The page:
As Paul Davey points out in his history of the National party, it was not a philosophical conversion that caused the Country Party to move away from its commitment to freer trade. Rather it was the political reality that it was unable to convince either of the major parties to support its lower tariffs platform. Instead, the Country Party adopted a "protection all round" view to provide assistance to both primary as well as secondary industries.
We still have both sides wishing to protect wages, protect the environment, protect free services to the cities, subsidise public transport, protect occupational health and safety standards. Apparently these are all meritorious so why would it be unreasonable to protect Australia from Fireblight from imported apples.
There is nothing that induces biliousness more than someone who talks free trade but you only have to scratch the surface to find that they are first to baulk at what real free trade means.
It seems that it was the same for Black Jack McEwen as it is now. As he stated in his autobiography:
It was my belief then — and still is now — that the whole of the Australian economy is protected in one way or another. It has to be once some protection has been given to certain sections of industry. You cannot logically protect one section and not protect other sections, given basically similar circumstances.
At the heart of McEwen's philosophy was an urge to develop Australia. As an under-populated country, Australia needed to attract migrants to become a stronger nation. Migrants could only be attracted if there were jobs available, and the increasing mechanisation of the primary sector meant that the focus needed to shift to developing Australia's manufacturing sector.
McEwen's great achievements in opening up trade with Japan, only a decade after the end of World War II, demonstrated his commitment to developing Australian industry.
And The Nationals retain this basic driving philosophy. The Nationals are a party that embraces the vision of a stronger, bigger and more prosperous Australia. It is unusual in The Nationals party to hear people talking about the benefits of a smaller population for Australia. That is something for the chattering classes of the illuminated crescent, another form of protection for the sophisticate.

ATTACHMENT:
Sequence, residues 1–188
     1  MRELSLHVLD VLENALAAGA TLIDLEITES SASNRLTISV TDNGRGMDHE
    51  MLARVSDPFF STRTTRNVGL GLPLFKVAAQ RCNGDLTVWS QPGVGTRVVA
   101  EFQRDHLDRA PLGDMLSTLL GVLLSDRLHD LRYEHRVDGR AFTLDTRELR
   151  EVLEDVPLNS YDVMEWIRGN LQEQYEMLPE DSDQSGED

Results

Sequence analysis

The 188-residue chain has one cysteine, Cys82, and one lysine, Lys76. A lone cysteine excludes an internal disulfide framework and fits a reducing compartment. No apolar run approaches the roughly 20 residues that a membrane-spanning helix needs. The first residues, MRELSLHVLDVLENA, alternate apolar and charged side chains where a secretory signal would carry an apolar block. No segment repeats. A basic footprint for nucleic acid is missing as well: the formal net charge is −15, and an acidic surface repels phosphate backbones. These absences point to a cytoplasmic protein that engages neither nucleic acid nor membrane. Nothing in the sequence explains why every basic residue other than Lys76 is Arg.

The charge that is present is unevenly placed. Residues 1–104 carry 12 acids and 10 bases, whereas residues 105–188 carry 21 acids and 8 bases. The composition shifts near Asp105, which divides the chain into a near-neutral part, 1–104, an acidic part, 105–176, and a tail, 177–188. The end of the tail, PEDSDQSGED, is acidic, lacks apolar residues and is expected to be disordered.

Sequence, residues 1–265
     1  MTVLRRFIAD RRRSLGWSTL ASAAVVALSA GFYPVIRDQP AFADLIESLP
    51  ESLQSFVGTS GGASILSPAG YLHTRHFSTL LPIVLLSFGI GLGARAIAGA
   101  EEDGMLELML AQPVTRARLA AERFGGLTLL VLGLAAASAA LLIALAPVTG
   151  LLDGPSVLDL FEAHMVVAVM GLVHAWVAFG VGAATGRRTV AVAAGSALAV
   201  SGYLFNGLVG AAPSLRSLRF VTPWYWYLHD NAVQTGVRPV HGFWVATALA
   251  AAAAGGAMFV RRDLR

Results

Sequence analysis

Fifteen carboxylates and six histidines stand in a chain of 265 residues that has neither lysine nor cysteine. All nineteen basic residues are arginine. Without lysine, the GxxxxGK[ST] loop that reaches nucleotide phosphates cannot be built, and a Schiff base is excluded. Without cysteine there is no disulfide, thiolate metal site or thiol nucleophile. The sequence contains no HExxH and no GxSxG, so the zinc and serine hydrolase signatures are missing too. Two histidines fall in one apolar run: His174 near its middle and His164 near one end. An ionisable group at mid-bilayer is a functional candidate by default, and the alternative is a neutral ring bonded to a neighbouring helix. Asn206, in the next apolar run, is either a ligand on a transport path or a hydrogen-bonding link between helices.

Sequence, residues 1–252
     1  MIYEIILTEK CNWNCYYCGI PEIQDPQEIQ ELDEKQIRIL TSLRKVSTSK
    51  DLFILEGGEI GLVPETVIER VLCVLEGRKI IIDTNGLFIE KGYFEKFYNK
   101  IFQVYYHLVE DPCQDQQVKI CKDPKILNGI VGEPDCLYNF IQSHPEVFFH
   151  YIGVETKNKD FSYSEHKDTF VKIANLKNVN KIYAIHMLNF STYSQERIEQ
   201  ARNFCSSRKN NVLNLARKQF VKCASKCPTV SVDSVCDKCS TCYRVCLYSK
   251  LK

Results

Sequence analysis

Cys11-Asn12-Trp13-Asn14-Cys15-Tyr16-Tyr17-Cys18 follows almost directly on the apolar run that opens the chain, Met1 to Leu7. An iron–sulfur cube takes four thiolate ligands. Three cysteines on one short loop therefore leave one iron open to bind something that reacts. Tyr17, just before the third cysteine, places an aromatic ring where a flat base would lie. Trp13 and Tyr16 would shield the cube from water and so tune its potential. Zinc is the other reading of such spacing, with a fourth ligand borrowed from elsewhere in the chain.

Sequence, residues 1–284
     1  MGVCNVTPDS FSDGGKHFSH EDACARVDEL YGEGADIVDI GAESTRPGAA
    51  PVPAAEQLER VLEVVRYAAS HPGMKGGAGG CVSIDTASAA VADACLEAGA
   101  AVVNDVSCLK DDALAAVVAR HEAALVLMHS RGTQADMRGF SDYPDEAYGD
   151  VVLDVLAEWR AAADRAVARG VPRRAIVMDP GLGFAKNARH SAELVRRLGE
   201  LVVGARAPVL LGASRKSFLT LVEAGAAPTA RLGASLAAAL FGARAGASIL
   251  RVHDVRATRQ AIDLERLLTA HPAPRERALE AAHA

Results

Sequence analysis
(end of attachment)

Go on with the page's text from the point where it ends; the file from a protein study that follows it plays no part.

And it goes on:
The Nationals have been at the forefront of developing the policies that will deliver Australia the courage of a new vision.
The vision to build dams, the vision to create new areas of wealth and opportunity. The vision to pilot zonal taxation as a mechanism to open up new areas where people don’t fly-in and fly-out, but fly-in and stay. The vision to create the infrastructure so that we evolve from a crescent moon economy, where all the light is merely on the south east edges and all the potential remains in darkness.
I think the Australian people are crying out for a government that has the strength to deliver on such a vision, in the face of the inevitable complaints from Greens and others who want Australia to turn its back on opportunity and aim for the quiet and selfish life of no economic or population growth, and therefore no strength to endow our values, which I believe are good, in a more prominent way in a world in which our area will soon be dominated by a totalitarian superpower, whether we like it or not.
Australia can aim to achieve the accomplishments that we have in the past but we won't if we continue to focus on the theoretical mirage that government spending can make us productive and that a carbon tax will unleash a green job creating machine.
Such fairytales are divorced from reality. If we do not as a nation begin to "get real" then we will do immense damage to our prosperity and economic strength.
Australia has more than an opportunity it has an obligation to be pragmatic. The world is changing and it is changing before our eyes. It is changing before you on your television tonight. Maybe those who cheated won but they won and there is not much we can do about it. If we believe that the freedoms that are in this room are worthy of a greater future beyond our days, then we must place our nation in the strongest possible position to protect the vital organ that will promulgate these views which is our people.
The only way that that event can come about is if we are strong. And the only way we will be strong in this new world is if we put aside our fanciful distortions created by well meaning but quite naive visions of the global economic reality.
Those who win the economic race write the rule book. The question for Australia will be do you want such things as a carbon tax or do you want to be able to pay for your vision of justice to have a greater voice in the global future.
Do you want the reality of security or are you happy to live with the bitter disappointment that you can’t actually conjure up a steel industry, when at that critical moment, your nation is at threat?
Do you want to go to the global dinner table with the strength of knowing that you have money in your wallet, or do you wish to beggar your nation and be the servants of the others who are there?
It is all happening before us and unfortunately, currently, we are not on the pragmatic, prudent path.
Office of Senator Barnaby Joyce
Leader of The Nationals in the Senate
Shadow Minister for Regional Development, Local Government and Water
P: 07 46 251 500
M: 0438 578 402
F: 07 46 251 511